Applied Social Theory Economic Crisis Ethical Issue Perspective the Economy and Society Essay

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Social Theory

Applied Social Theory -- Since the late 19th century, the new disciplines of anthropology and sociology have looked at the way that society is organized, what different stimuli causes action and interaction, and if there can be an overall theory to identify the manner in which social problems seem to occur regardless of the chronology or geographic location of society. Functionalism is one way to place this into a template; a way to perceive the individual in the micro way and society in the macro as means of generating knowledge and meaning by experience. Since each individual has unique needs and backgrounds they are, in effect, a complex and multidimensional part of the whole (De Maio, 2010, 29-31).

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Functionalism, in effect, is a broad perspective in which society is the macro structure. Within society there are various components that act in congruence with one another -- sometimes in conflict, sometimes in cooperation, to provide wholeness. Herbert Spencer, for instance, saw these various parts of society (norms, customs, traditions, institutions, etc.) in the same way one can view the various organs of the body and the manner in which they work together to form the total individual. Disease, illness, or dysfunction in one of the organs can have an effect on the other organs; ultimately causing the entire organism to die. Thus, the reason that social ills and issues seem to reoccur is that the individual parts of the "organism" actual never completely change in structure -- but may evolve in technological knowledge (Urry, 2000, 23). For instance, regardless of whether one is a family in Ancient Rome, 19th Century London, or Modern America -- there are several issues that occur within the family structure as children grow, parents engage in conflict, etc. This is, in fact, the power of functionalism -- it tends to help us explain the reasons for similarities in societies and different approaches to social ills -- some of which have worked and resulted in contemporary society, some which have not and remain problematical.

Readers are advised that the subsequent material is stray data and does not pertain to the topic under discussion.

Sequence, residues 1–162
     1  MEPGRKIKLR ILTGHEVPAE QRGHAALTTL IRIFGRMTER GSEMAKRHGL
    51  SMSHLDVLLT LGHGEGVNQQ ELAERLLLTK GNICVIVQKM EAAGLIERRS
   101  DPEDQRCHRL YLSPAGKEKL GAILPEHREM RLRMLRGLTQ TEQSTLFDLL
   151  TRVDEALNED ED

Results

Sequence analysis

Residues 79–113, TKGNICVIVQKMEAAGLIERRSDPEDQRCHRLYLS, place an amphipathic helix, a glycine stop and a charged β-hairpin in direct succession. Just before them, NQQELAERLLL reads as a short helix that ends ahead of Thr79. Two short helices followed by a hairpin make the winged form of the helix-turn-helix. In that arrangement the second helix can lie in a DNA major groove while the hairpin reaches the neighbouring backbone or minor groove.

Essay on Applied Social Theory Economic Crisis Ethical Issue Perspective the Economy and Society Assignment

Economic Crisis -- the gist of the contemporary economic crisis is it is a metaphor for both a game of dominos and the whole economic idea of the "trickle-down effect." In a sense, no one is immune to the effects; some are just more susceptible than others. Those in the upper echelons fiscally simply have a greater padding between fiscal loss and comfort than others.

There are two major examples that are quite apparent. First, for some years the media has been pushing the idea of society needing two specific careers by 2010 -- qualified Registered Nurses and Public School Teachers. Both professions were expected to be needy because an entire generation was scheduled to retire between 2008 and 2010. With the economic downturn, however, the portfolios that members of both professions had invested in for years simply were not worth the same amount expected, or even that they were worth in 2006. Thus, the monthly income after retirement would be reduced, typically from 30-45% of expectations. Thus, many had no real choice but to delay retirement, which in turn, caused the ripple effect of disallowing those already in the position to move up into higher levels, and opening up slots for new employees. We now have three major groups who are "stuck" waiting for openings; the group ready to retire who cannot until their portfolios become solvent; the middle group that expects higher degrees of responsibility; and the trained, college-educated group that cannot find employment in their chosen field (Balderama, 2009).